Brunswick Zone has been a trusted name in recreational pin pulverizing for more than a century, providing good times to patrons across the country. Friends and families season afternoons with a pleasant peppering of strikes, spares, and easygoing gutter balls under classic bowling conditions, or take the next bold step in ball-hurling evolution and engage in a round of cosmic bowling, where dancing lights, thumping tunes, and black-lit gear light up the full sensorium. At XL locations, game rooms beckon with nimble joystick workouts on classic and modern arcade games.
In the words of co-owner Joel Spevock, "We really try to promote an inviting family atmosphere here." To that end, he and co-owner Jim Spevock host birthday parties and raise bumpers along all 28 of the alley’s lanes. But that’s not to say that they don’t appeal to more mature audiences as well. Spevock’s Nautical Lanes also offers bowling-league opportunities, a fully stocked bar, and Rock N Bowl, an event which combines unlimited bowling with a sound-and-light show. From 9:30 p.m. to midnight on Fridays and Saturdays, Rock N Bowl seizes control of the alley like a dictator picked last for the school bowling team as a child, flooding lanes with colorful lights and pulsing music.
At Fairview Lanes, balls thunder toward targets along 20 contemporary lanes, buffeting between bumpers or freewheeling by gutters during open bowling hours. At MoonRock bowling, pulsing music and radiance from lasers, disco balls, and black lights slice through darkness like the DJ's night vision goggles. On Friday and Saturday nights the music borders on edgy, but special glow bowling hours held during the day on Saturday and Sunday feature family-friendly music and videos. Café 220 stokes athleticism with fuel in the form of beer-battered cheese fries and fried pickle spears, and Mac's Pro Shop supplies essential bowling gear. The alley also hosts leagues for all ages and parties for any occasion.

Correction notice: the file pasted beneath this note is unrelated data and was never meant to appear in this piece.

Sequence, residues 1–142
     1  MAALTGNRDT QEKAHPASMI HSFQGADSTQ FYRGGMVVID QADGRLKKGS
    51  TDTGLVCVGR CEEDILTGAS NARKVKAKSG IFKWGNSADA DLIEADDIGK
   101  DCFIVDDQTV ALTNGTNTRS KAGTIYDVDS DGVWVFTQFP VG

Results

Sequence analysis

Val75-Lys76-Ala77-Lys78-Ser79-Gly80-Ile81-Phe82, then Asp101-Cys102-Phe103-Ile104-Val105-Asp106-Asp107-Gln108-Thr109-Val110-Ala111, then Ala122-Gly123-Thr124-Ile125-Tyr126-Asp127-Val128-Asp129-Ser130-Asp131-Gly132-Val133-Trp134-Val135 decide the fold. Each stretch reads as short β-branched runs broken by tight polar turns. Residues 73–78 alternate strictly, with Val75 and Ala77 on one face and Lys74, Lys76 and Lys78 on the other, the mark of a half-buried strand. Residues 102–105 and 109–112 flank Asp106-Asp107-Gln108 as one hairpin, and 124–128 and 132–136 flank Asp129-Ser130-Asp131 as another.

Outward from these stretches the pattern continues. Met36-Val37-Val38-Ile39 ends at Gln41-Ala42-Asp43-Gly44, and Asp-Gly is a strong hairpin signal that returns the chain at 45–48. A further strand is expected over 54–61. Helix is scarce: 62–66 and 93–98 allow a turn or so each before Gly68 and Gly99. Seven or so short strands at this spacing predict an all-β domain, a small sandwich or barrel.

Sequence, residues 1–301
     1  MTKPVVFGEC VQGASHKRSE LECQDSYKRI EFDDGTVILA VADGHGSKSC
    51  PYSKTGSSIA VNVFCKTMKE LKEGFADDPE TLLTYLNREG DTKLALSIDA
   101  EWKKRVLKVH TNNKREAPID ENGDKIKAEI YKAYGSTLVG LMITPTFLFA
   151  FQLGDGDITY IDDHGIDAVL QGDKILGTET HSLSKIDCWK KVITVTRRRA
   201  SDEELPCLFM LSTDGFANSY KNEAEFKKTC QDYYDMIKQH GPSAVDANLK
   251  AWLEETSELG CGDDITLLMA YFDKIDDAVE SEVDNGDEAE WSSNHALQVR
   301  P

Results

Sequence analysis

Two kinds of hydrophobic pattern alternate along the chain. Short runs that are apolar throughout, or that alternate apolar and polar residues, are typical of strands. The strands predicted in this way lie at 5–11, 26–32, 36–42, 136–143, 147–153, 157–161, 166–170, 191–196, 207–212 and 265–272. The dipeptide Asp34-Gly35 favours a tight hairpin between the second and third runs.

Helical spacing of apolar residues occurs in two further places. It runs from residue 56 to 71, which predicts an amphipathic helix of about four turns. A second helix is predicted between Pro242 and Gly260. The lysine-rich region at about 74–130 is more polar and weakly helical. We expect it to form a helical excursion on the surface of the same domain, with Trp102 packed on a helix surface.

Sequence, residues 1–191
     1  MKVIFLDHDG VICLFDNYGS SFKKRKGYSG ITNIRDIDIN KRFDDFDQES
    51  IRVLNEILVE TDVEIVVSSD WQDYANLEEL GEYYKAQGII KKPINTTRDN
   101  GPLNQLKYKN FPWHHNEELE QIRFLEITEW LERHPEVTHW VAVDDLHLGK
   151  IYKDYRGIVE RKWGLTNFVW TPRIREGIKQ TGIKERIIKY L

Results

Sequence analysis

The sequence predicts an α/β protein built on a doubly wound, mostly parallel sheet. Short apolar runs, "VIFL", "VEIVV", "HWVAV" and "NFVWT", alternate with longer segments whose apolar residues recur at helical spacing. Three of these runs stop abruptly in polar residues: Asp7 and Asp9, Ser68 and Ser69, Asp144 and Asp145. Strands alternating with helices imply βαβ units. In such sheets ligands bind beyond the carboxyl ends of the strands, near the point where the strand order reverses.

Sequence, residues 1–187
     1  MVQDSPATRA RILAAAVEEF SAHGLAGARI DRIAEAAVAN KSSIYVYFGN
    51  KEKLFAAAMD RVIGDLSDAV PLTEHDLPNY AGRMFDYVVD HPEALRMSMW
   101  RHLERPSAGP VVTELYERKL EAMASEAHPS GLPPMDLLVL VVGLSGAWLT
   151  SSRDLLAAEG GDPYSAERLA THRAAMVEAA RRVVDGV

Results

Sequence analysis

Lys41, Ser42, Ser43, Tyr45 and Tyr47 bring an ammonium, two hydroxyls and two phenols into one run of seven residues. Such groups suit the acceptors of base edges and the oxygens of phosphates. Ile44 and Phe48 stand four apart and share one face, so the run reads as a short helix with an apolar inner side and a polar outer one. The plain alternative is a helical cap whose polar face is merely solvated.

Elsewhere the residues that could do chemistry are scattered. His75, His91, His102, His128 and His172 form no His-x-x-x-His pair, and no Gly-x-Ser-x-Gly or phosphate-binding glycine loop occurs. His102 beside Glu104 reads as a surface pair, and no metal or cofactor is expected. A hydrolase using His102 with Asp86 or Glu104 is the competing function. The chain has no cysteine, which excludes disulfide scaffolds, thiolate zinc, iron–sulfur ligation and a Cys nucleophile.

In business since 1946, Rebman Recreation thunders with the sound of ball-on-pin warfare as bowlers compete on the facility’s 48-lane, wax-bedecked battleground. This all-inclusive atmosphere is ideal for introducing up to eight friends from different social circles and getting them all into coordinating footwear. A fair match is ensured by the Qubica scoring system, which dutifully tracks each strike, spare, and unintended foray into the gutter. Between frames, pinseekers can satiate victory-cry induced thirsts with sips from a party-sized pitcher of soft drinks.
"You're up." At more than 200 AMF Bowling locations across the U.S., that message is passed between friends as they heft a ball, step to the line, and take aim. Now synonymous with bowling, the AMF Bowling Co. was founded in 1901 as American Machine and Foundry. It wasn't until 1946 that the company made a splash in the bowling world, when it introduced the automated pin spotter to the public.
Today, AMF's nationwide network of bowling centers is a source of year-round entertainment for people of all ages. Outfitted with a classic bowling alley design, the centers also feature advanced scoring systems, upgraded interiors, laneside video walls at select locations, and a delicious menu of traditional American dishes and snacks.
CoolCleveland.com credits new owners Joe Pavlick, his wife, Emily Pavlick, his sister-in-law, Kelly Flamos, and Kelly's husband, Colin McEwen, with restoring Mahall's 20 Lanes to its former glory. All Ohio natives, they swooped in and resurrected the once flourishing alley with a fresh infusion of flair. In addition to an expanse of 20 lanes that sparkle between exposed-brick walls, they also refurbished two bars, a dining area, a stage for musical acts with "Mahall's" emblazoned in the background, and pool tables. Locals crowd around tables in the restaurant, chugging brews and chowing down on elote, a grilled ear of corn rubbed with spices. The walls flaunt a mural obscured for years by wallpaper, which Joe and Kelly uncovered during the restoration process. In the lanes, the old-timey method of manual scoring helps the alley maintain its vintage aura and makes automatic counters obsolete.